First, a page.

"I'm not scared of dying . . ."
That song by Blood, Sweat and Tears has been playing on my mind since the day before yesterday, when I sat down with a coffee to read the New York Times and came upon an article by the former NYT writer Dudley Clendinen, "The Good Short Life" (July 9, 2011), on how he's preparing for his inevitable death within the next several months as he declines because of amyotrophic lateral sclerosis, best known as Lou Gehrig's disease. He faces the facts:
I sometimes call it Lou, in his honor, and because the familiar feels less threatening. But it is not a kind disease. The nerves and muscles pulse and twitch, and progressively, they die. From the outside, it looks like the ripple of piano keys in the muscles under my skin. From the inside, it feels like anxious butterflies, trying to get out. It starts in the hands and feet and works its way up and in, or it begins in the muscles of the mouth and throat and chest and abdomen, and works its way down and out. The second way is called bulbar, and that's the way it is with me. We don't live as long, because it affects our ability to breathe early on, and it just gets worse.There's no circumventing this death, no loophole, no hope for a meaningfully longer life:
There is no meaningful treatment. No cure. There is one medication, Rilutek, which might make a few months' difference. It retails for about $14,000 a year. That doesn't seem worthwhile to me. If I let this run the whole course, with all the human, medical, technological and loving support I will start to need just months from now, it will leave me, in 5 or 8 or 12 or more years, a conscious but motionless, mute, withered, incontinent mummy of my former self. Maintained by feeding and waste tubes, breathing and suctioning machines.It's not a very happy disease, not what Simone de Beauvoir would call Une mort très douce, and when he first learned the official diagnosis, he was stopped short:
No, thank you. I hate being a drag. I don't think I'll stick around for the back half of Lou.
When the neurologist gave me the diagnosis that November, he shook my hand with a cracked smile and released me to the chill, empty gray parking lot below.But life goes on, such as it does, and so does his, even if that final, beckoning appointment is closer than he would like, though he intends to take control over that moment. In the meantime, he doesn't have to "worry about fatty foods anymore" or "about having enough money to grow old," and he's enjoying the last days of his life:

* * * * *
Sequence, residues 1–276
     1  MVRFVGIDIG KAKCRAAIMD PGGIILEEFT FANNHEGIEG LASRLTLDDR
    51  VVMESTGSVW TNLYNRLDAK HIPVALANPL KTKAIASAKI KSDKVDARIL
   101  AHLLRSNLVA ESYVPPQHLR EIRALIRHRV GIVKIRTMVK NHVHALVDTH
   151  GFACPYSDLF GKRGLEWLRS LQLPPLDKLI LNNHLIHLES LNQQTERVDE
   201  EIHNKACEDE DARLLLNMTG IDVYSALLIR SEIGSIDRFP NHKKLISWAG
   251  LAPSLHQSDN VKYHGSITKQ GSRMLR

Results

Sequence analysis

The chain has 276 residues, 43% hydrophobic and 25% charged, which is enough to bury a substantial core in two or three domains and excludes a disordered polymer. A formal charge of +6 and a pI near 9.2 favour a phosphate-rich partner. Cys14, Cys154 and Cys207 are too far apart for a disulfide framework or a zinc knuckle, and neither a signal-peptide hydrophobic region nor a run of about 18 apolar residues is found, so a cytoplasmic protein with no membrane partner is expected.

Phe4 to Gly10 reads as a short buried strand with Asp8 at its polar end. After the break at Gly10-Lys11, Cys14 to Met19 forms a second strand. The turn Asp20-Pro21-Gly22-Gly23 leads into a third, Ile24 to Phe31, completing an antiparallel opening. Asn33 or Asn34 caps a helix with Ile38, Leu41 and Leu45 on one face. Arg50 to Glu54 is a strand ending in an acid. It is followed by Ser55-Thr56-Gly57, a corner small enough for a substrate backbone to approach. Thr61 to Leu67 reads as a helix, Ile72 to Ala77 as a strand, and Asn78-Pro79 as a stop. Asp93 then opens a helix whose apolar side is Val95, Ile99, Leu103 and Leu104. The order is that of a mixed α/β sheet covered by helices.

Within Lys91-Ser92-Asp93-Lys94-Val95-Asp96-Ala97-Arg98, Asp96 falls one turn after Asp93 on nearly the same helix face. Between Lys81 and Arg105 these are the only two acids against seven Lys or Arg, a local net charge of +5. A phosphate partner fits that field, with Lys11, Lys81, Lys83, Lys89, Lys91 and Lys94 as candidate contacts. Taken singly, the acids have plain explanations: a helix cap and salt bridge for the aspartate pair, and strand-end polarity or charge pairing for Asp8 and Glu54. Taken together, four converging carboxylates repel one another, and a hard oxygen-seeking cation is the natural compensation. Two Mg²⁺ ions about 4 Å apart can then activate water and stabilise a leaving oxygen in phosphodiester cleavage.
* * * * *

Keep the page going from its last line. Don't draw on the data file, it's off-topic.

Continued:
It was twilight. He had confirmed what I had suspected through six months of tests by other specialists looking for other explanations. But suspicion and certainty are two different things. Standing there, it suddenly hit me that I was going to die. "I'm not prepared for this," I thought. "I don't know whether to stand here, get in the car, sit in it, or drive. To where? Why?"
I'm having a wonderful time.And he's listening to music:
I have a bright, beautiful, talented daughter who lives close by, the gift of my life. I don't know if she approves. But she understands. Leaving her is the one thing I hate. But all I can do is to give her a daddy who was vital to the end, and knew when to leave. What else is there? I spend a lot of time writing letters and notes, and taping conversations about this time, which I think of as the Good Short Life (and Loving Exit), for WYPR-FM, the main NPR station in Baltimore. I want to take the sting out of it, to make it easier to talk about death. I am terribly behind in my notes, but people are incredibly patient and nice. And inviting. I have invitations galore.
Last month, an old friend brought me a recording of the greatest concert he'd ever heard, Leonard Cohen, live, in London, three years ago. It's powerful, haunting music, by a poet, composer and singer whose life has been as tough and sinewy and loving as an old tree.A poignant end.
The song that transfixed me, words and music, was "Dance Me to the End of Love." That's the way I feel about this time. I'm dancing, spinning around, happy in the last rhythms of the life I love. When the music stops -- when I can't tie my bow tie, tell a funny story, walk my dog, talk with [my daughter] Whitney, kiss someone special, or tap out lines like this -- I'll know that Life is over.
It's time to be gone.